RICHMOND, Va. (CN) - A disabled veteran claims in court that an entirely unwarranted siege at his home by law enforcement officers caused him to try to kill himself.
In a complaint filed in Richmond City Circuit Court, Ronald Elwin Wells Jr. says he was home alone with his dog and watching a baseball game on Sept. 16, 2013, when a police officer showed up at his door, saying he'd been asked to check on Wells by the "welfare department."
Wells says he told the officer he wasn't on welfare, and that in any event, he was fine.
The officer left, and Wells says he went back to watching the game, then promptly fell asleep.
Sometime around 7 p.m. that, the complaint says, Wells was awakened by state troopers who were knocking at his door.
"Wells started to be afraid because of all this attention he was getting for no apparent reason," the complaint says.
He did not answer his door, and he didn't answer it later when, he says "a number of State Troopers or other police type people came in fatigues with helmets and face shields with long guns in their hands."
Wells says in an attempt to remain calm, he went back to watching television. Two hours later, however, he heard someone calling him over a loudspeaker.
At this point, the complaint says, "Wells became really scared."
Wells says he retrieved a pistol he owned, "but only to defend himself."
Wells says he then looked out a window and saw "a big group" of state police and deputies on his property. He says ran to a backroom to get a pair of night vision glasses, then called his brother, who told him the road outside his home was blocked by armored vehicles, and that whatever was going on, he should immediately give himself up.
Wells says he ignored his brother's plea, fearing "that the police would riddle him with bullets."
He says shortly after he hung up the phone, he heard police trying to batter down his door. The next thing he knew, the complaint says, glass was shattering, and then heard the thud of tear gas canisters landing on the floor and the room was filling with vapor.
Wells says he had no idea why the police were after him, but frightened, he retreated to an upstairs bedroom.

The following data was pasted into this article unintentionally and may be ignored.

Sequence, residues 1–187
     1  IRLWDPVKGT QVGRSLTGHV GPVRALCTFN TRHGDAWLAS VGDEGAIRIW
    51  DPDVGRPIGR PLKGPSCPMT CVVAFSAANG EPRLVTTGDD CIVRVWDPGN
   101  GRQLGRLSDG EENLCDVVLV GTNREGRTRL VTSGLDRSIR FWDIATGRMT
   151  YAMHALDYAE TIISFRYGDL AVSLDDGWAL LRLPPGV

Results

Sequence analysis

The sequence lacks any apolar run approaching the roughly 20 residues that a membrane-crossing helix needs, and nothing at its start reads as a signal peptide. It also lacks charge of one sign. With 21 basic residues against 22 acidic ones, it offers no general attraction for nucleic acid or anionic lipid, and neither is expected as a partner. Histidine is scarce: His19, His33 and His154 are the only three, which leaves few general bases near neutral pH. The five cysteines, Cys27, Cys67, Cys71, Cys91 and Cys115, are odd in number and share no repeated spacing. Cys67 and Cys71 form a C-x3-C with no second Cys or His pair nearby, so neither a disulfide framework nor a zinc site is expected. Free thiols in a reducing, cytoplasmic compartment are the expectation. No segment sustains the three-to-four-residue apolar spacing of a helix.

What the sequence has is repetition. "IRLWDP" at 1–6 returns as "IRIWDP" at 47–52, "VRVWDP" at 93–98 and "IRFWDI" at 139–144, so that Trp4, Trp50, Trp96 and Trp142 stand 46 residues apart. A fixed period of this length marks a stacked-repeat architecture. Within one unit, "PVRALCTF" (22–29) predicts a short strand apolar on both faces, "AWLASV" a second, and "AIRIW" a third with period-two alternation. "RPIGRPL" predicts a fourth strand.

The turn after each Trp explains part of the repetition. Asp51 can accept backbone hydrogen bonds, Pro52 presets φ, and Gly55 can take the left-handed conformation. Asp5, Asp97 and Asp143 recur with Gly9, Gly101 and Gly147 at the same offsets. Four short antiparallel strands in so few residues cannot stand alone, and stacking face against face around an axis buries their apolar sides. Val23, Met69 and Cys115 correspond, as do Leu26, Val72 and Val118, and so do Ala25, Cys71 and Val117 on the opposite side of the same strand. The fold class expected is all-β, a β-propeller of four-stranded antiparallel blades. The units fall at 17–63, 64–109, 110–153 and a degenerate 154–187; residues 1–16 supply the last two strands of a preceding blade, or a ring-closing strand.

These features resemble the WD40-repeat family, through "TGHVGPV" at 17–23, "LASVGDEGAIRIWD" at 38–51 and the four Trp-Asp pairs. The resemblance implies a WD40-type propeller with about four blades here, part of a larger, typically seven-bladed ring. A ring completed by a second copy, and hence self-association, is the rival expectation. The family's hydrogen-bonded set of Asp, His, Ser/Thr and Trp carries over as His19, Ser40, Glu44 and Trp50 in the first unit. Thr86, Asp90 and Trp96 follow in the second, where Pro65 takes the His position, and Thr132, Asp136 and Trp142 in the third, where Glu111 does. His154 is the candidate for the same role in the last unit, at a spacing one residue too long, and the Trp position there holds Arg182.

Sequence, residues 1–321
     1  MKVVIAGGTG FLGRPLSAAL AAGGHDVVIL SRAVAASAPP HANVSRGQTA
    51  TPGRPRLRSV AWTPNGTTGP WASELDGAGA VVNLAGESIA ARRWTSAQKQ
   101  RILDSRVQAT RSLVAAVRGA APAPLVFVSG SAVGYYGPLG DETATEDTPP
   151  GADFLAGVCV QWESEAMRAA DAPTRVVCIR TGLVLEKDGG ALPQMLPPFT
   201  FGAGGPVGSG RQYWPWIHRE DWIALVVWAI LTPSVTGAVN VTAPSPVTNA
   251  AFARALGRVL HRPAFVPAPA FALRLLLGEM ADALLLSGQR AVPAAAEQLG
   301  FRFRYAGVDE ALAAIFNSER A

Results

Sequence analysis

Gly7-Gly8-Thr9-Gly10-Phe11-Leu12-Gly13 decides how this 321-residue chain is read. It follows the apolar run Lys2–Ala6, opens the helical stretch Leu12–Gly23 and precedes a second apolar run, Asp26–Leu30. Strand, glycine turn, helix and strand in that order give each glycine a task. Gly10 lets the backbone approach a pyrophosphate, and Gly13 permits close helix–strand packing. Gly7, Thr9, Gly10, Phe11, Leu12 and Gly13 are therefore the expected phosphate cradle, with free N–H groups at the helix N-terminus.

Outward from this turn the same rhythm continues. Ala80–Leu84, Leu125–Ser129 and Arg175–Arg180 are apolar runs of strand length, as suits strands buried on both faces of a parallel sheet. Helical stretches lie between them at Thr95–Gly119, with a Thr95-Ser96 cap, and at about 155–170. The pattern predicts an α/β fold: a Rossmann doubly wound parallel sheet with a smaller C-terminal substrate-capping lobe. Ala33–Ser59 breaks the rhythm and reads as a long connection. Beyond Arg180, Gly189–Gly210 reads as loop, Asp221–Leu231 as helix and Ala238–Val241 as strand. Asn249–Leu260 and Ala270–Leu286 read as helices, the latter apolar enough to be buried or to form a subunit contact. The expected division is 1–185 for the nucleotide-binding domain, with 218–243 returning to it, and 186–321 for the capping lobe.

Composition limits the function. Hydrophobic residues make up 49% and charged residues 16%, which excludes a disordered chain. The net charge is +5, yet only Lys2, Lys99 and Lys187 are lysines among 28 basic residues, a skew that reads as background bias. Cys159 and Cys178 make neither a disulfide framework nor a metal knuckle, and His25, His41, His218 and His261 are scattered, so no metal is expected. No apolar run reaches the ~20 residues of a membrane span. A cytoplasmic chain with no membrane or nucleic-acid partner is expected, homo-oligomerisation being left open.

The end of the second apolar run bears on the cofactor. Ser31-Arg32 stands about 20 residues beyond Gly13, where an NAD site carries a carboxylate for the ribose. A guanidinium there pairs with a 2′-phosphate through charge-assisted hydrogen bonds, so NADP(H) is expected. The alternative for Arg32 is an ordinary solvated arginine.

"Wells was not a criminal but it seemed that he was under a brutal military type attack from the police and deputies," the complaint says. "He decided to end it right there and die by his own hand before he'd be taken in this insane situation."
After one failed attempt, Wells says he managed to shoot himself in the chest.
Police discovered the semi-conscious man hiding in his daughter's closet and transported him to a local hospital by helicopter for treatment, the complaint says.
Wells says as a result of the unwarranted siege and the medical bills that stemmed from it, he lost his home to foreclosure and has been forced to live in an assisted living facility.
"No warrants of any kind were issued against the plaintiff, yet great force was used to capture plaintiff's person, his home was laid siege to and much was destroyed with not a warrant or legal process, with the complete failure of the supervisory staff of the two agencies," the complaint says.
"Wells was exposed to the full terror and brunt of military style police power exercised against an individual who had done no wrong, without regard to the irresponsible and disproportionate use of that power in utter disregard for Wells rights, life, freedom and property," it continues.
Wells is seeking $3 million in damages.
He is represented by Lee Robert Arzt of Richmond, Va.
The Virginia State Police declined to comment due to the pending nature of the lawsuit.
The other defendants named in the suit Gov. Terry McAuliffe, Attorney General Mark Herring and the King William Sheriff's Department did not respond to emails from Courthouse News seeking comment.
Read the Top 8
Sign up for the Top 8, a roundup of the day's top stories delivered directly to your inbox Monday through Friday.